nbsp;nbsp;nbsp;So, "Payment by Results" is finally with us. Is anyone going to be paid in retrospect for achieving excellence achieved over the years or for putting in extra hours? I think not.
Rather, it appears that the current PMR policy does not provide sufficient information to `inform decisions about pay'. Now it has been linked to objective setting and the teacher's performance against criteria.
Is it so difficult to pay teachers a decent salary? We do not seem to have enough teachers, we do not seem to value or trust those we do employ, but we do seem hell bent on wasting hours and hours of staff time (particularly that of Head Teachers) ascertaining whether or not we have achieved a "sustained and substantial performance and contribution to the school."
As one who has enjoyed teaching for over 30 years (teaching, not futile paperwork!), I can only chuckle at the latest pathetic arrangement of hoops and hurdles we have to negotiate in order to rise to UPS2.
Isn't it time the Education Department worked out how much money and time is wasted on these so called initiatives? There will be twilight sessions, courses in London, sample applications on the web, magic software, all designed to line the pockets of someone, or some company quick enough to seize the marketing opportunities.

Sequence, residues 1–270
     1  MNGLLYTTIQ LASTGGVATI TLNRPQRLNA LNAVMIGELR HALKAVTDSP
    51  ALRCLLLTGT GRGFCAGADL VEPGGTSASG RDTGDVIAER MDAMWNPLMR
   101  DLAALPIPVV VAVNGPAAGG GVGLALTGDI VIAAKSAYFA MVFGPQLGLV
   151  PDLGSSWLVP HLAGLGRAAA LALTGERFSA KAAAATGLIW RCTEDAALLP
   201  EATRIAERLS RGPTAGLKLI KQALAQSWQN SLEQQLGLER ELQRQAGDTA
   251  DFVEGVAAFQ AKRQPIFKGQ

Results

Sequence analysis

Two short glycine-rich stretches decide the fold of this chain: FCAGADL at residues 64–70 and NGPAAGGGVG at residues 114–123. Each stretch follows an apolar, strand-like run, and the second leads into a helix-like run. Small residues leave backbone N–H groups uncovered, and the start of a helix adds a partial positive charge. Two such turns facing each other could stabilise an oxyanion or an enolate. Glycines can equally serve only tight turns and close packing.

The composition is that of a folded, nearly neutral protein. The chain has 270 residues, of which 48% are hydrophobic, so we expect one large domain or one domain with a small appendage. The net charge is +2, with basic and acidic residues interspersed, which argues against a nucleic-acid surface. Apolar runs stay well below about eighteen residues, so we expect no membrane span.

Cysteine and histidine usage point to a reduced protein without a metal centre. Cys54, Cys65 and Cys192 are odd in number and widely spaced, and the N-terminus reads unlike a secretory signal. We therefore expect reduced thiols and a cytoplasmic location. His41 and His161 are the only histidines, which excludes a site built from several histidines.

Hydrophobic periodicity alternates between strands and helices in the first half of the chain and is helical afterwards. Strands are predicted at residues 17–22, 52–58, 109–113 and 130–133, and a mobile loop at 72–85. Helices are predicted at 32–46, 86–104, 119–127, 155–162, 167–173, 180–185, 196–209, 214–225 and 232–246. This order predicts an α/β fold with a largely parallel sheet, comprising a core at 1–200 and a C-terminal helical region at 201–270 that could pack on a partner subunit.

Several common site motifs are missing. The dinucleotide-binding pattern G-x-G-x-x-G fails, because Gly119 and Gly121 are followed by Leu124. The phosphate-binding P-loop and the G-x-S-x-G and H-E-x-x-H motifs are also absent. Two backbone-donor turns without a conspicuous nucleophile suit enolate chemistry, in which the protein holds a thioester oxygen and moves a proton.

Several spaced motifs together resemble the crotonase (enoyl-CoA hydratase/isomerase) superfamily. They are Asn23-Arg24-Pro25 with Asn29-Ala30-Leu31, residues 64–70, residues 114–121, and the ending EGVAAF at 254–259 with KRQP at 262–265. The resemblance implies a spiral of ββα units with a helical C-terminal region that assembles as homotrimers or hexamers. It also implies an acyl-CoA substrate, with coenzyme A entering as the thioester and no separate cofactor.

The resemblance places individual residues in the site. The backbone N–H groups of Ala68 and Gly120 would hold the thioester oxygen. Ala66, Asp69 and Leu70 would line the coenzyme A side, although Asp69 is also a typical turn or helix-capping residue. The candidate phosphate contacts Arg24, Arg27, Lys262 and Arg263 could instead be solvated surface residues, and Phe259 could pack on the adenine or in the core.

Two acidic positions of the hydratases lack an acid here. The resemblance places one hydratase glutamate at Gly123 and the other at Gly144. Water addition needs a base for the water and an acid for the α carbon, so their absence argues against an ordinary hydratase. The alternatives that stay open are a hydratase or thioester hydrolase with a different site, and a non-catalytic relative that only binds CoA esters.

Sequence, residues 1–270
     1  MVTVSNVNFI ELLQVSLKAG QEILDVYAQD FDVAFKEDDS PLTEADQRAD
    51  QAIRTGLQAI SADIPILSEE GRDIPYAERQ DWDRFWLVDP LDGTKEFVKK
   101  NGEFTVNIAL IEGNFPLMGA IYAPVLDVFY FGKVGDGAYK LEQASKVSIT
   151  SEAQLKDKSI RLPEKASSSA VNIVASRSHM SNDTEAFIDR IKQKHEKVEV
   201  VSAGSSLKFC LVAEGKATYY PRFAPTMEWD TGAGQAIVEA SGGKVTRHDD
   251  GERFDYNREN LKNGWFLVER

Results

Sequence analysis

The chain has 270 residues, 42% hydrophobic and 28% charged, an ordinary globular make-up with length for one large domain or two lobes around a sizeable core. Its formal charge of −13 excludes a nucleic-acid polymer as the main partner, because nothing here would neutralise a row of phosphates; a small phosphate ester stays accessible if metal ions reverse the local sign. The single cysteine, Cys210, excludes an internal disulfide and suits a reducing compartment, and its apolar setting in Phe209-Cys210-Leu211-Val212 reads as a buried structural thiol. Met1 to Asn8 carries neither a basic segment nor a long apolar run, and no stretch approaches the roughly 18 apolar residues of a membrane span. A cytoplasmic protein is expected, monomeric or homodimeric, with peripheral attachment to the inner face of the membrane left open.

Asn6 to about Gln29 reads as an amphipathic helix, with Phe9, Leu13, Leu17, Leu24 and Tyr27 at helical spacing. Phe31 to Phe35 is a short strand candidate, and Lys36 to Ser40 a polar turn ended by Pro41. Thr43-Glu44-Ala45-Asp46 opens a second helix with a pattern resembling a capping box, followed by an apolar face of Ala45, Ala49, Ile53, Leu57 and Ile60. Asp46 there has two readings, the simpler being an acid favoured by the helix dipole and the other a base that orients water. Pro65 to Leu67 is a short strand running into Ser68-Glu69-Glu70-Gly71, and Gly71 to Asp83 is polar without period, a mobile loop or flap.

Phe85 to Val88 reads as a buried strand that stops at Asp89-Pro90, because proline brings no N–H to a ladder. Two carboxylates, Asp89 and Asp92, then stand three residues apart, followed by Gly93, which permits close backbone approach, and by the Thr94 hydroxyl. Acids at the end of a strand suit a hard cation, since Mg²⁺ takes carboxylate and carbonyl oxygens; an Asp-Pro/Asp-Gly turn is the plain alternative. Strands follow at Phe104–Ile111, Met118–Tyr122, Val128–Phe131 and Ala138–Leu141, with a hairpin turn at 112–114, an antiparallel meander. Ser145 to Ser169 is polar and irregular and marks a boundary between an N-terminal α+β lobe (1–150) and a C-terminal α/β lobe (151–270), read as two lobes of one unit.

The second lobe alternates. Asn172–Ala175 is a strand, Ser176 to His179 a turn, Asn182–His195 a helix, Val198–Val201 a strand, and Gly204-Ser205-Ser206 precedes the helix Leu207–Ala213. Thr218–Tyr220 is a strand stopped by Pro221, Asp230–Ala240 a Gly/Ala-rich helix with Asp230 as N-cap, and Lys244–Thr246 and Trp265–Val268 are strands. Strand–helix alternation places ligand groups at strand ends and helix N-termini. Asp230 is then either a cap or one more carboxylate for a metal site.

Most teachers would be grateful for few pounds extra, particularly young teachers purchasing property, so why not share the pot of gold equitably without requesting further tomes of evidence?
It appears that only a proportion of teachers who apply for UPS2 will actually get it. This may remind you of the ill-fated "computer package" that failed to deliver for most teachers!
Avril D Thompson